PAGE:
If you want to partner with another company to license your intellectual property, you should consider working out an initial agreement first before negotiating your final contract. It may seem odd that you should make an agreement with your potential licensee in advance of starting on your contract, but it may be critical to your success.
As Inc.com explains, it is actually standard practice for parties to agree to basic terms before negotiating a contract, usually through a term sheet. There are some important reasons why this is the case.
Making sure you share a perspective
Creating a term sheet helps you figure out whether your potential licensee actually shares your perspective on your working relationship. You can go over matters like the royalty rate the licensee wants, the territories the licensee wants the right to license your IP in, and how long your licensee wants the agreement to last.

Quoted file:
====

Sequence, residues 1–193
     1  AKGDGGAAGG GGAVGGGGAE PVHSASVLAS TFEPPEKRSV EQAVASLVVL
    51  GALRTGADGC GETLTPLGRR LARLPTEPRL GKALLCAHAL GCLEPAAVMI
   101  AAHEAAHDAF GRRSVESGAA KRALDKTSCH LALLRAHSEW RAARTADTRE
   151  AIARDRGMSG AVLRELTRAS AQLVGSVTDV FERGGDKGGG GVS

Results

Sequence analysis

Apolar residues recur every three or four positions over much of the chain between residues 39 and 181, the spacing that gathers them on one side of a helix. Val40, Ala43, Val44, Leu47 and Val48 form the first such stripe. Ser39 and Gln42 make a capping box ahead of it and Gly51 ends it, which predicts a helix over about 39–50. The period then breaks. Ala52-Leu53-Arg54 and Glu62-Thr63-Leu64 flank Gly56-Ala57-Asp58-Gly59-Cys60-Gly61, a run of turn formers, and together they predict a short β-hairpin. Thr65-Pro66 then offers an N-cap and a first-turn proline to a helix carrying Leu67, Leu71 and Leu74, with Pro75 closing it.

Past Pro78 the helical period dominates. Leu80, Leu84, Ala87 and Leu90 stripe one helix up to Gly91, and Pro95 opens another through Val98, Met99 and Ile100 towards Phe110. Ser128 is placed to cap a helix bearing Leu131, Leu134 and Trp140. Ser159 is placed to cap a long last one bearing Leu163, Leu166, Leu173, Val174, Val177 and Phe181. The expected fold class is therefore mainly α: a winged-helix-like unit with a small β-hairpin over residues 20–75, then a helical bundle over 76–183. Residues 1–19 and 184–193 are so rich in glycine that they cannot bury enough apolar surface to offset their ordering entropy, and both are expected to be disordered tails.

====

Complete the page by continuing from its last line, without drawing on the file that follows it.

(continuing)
Working out these big picture items creates an outline for your future contract negotiations. It may also help you decide whether your potential licensee will be a good fit for your goals. If you forego agreeing to basic terms and later discover that you and your negotiating partner do not see eye to eye on major issues, composing a contract will become a fruitless endeavor.
Be careful about contentious issues
As you compose an initial outline for negotiating a contract, consider staying away from contentious issues. Do not count on solving difficult matters before working on your contract. If you put your potential licensee on the spot with a hard question to solve, the licensee may pull out of the deal. It should be fine to at least broach important issues while working out a term sheet, just not ones that may cause a negotiation to fall apart.